Jon Wiener: Accused of Levelling a "Low Blow" at Harvard Profs





News: The Harvard Crimson, citing interviews with members of the Emory committee that investigated Michael Bellesiles's flawed book on guns, says that the members were not paid $10,000. In his book on the history scandals, Jon Wiener said that two anonymous historians claimed that Emory offered to pay members $10,000. Really, asks the Crimson? “I have no idea if the others were paid,” Princeton's Stanley Katz wrote the Crimson. “Jon [Wiener] never asked me. I would have told him that I was not paid a cent (though my travel expenses to meetings of the committee were reimbursed).” Katz added: “From my point of view, all of Jon’s reporting on this issue was at best sloppy. Lazy is probably more accurate." Mr. Wiener told HNN:"In my book I report that 'Several leading historians turned down an invitation to serve on Emory's external review committee, even though they were offered $10,000.' I did not say Gray, Katz and/or Ulrich were paid that amount, or any amount. Since Gray, Katz and Ulrich refused to respond to my questions, I was unable to get any information from them about their work. I know that other historians were offered $10,000, and turned it down."

Daniel J. Hemel, in the Harvard Crimson (3-3-05):

A small package arrived last month at The Crimson’s office with a slender book and a brief handwritten note that read: “Thought this might be of local interest. With compliments, TNP.”

“TNP,” I learned, stands for The New Press, a small New York City not-for-profit outfit that claims to publish “works of educational, cultural, and community value.”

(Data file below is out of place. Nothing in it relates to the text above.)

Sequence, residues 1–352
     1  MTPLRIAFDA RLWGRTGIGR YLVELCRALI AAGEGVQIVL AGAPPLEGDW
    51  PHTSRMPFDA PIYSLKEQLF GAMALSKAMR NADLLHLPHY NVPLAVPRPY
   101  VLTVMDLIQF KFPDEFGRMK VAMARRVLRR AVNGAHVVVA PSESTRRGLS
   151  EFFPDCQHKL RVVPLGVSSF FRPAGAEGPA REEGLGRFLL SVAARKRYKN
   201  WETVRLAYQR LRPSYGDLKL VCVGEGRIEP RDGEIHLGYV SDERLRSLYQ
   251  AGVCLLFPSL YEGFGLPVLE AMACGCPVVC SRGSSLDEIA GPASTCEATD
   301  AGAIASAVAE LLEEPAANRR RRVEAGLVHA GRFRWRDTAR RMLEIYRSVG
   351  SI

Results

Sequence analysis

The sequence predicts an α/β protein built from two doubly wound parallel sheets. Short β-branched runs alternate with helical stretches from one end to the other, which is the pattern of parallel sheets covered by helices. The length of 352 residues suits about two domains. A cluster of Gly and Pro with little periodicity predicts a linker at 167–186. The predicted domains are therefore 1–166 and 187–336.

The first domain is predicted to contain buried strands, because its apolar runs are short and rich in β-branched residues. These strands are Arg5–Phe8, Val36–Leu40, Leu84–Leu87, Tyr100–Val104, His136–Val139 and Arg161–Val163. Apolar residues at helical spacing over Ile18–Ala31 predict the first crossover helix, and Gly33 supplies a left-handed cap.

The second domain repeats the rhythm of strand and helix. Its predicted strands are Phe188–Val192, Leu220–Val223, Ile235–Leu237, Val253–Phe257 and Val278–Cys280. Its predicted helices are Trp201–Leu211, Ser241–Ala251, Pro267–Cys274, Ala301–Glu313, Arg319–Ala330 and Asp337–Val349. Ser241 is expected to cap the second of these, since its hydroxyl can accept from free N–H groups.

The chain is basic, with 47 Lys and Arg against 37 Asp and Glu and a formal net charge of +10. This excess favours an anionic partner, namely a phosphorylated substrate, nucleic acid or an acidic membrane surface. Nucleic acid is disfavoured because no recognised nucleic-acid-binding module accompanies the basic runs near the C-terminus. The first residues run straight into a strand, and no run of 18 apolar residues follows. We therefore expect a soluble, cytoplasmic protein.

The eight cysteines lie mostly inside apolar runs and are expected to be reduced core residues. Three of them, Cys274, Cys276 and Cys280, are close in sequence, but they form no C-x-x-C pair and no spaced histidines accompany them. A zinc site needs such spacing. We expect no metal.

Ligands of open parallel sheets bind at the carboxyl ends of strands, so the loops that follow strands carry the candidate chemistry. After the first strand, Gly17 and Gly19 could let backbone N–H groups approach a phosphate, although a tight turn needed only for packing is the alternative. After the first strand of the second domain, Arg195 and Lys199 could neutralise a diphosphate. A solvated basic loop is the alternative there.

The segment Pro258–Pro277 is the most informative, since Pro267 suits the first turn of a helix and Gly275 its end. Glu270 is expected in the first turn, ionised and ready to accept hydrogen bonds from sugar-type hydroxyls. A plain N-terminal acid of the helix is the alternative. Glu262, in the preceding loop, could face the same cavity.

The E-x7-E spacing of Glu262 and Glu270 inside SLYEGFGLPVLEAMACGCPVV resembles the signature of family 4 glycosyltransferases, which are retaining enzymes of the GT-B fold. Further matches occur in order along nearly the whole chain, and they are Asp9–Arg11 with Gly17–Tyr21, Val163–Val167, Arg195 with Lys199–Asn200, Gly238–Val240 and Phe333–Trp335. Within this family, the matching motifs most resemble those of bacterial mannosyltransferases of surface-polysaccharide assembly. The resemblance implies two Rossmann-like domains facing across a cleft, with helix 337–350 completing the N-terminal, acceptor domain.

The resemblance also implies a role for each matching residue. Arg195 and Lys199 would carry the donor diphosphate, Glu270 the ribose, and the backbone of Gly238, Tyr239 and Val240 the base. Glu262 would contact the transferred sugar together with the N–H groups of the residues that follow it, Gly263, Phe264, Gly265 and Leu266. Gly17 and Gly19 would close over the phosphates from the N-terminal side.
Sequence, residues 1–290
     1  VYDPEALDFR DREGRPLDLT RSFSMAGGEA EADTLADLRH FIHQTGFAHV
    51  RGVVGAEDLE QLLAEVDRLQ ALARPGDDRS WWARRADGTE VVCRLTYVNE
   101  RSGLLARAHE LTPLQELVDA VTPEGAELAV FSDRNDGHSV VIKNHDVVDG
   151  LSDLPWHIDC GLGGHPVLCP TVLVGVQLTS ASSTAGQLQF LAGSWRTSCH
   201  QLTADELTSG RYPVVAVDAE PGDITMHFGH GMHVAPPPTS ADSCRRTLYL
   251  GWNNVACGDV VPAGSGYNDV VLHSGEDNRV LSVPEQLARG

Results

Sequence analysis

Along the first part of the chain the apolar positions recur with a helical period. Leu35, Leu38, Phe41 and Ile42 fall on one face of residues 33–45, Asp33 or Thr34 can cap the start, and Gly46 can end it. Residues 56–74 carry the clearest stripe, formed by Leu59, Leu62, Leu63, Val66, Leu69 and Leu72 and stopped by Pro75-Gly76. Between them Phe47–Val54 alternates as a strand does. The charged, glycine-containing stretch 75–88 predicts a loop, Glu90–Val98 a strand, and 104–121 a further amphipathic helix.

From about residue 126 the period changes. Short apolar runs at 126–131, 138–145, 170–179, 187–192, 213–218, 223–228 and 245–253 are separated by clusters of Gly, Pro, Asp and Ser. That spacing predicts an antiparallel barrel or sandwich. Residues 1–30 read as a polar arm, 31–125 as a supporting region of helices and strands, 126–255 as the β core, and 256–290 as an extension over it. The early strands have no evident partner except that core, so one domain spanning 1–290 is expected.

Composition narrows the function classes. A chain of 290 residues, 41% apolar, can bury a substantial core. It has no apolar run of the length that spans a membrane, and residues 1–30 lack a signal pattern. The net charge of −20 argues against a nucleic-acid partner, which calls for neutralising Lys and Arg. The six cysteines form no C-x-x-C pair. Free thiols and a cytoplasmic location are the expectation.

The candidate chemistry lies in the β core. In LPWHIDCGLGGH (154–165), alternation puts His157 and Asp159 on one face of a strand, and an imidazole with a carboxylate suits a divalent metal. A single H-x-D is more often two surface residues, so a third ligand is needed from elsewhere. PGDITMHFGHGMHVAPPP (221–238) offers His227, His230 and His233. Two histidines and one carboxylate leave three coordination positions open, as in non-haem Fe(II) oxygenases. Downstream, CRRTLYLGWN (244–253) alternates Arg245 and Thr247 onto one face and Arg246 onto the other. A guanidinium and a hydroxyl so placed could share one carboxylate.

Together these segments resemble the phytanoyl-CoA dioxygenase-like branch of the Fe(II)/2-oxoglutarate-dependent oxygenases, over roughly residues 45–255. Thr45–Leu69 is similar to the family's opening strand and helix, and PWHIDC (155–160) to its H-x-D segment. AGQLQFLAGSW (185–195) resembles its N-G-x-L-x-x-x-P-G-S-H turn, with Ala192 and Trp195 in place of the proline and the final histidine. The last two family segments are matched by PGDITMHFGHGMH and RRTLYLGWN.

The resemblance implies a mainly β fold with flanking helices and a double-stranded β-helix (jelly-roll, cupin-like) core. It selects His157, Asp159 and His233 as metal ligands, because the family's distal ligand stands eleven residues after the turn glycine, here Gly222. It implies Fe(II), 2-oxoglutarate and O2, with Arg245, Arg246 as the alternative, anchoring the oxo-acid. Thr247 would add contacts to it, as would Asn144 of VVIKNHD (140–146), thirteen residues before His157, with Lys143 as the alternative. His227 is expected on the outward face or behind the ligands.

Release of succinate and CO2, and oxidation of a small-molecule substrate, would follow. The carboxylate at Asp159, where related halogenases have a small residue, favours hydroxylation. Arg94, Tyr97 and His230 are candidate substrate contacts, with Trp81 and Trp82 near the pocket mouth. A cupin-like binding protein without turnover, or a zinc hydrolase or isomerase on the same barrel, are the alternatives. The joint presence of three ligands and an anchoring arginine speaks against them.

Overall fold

Given those criteria, it’s unclear how the enclosed book, Historians in Trouble, by University of California-Irvine professor Jon Wiener, passed the publisher’s test.

And the innocuous note signed “with compliments” should have mentioned that in fact, Wiener has very few compliments for The Crimson. More accurately, Wiener excoriates The Crimson’s coverage of a 1988 campus controversy that erupted when several African-American students leveled charges of racial insensitivity against Winthrop Professor of History Stephan A. Thernstrom.

Since Wiener specifically takes aim at The Crimson, it’s hard to review his work without at least a twinge of defensiveness. And perhaps Wiener is correct that The Crimson blew the Thernstrom controversy out of proportion, contributing to the politicization of what was in reality a civil disagreement between a teacher and his students over a course syllabus. One chapter later, however, Wiener gets his facts flat-out wrong when he launches an unwarranted attack on Pulitzer Prize-winner Laurel Thatcher Ulrich, the Phillips professor of early American history at Harvard.

One could say that Wiener’s book is flawed from page one, but that would be inaccurate. Rather, the flaws start on page viii, in the prefatory “acknowledgments” section, in which the author writes that he is “indebted” to Thernstrom—among others—for agreeing to be interviewed.

Wiener’s profession of indebtedness is patronizing and disingenuous. Thernstrom, for one, won’t ask for that debt to be repaid any time soon. “I once knew Jon well, but we are not on speaking terms,” Thernstrom said last week.

When asked if he had read Wiener’s book, Thernstrom replied, “I haven’t bothered. I don’t think it would be worth my time.”

Thernstrom’s off-the-cuff assessment isn’t far off the mark. ...


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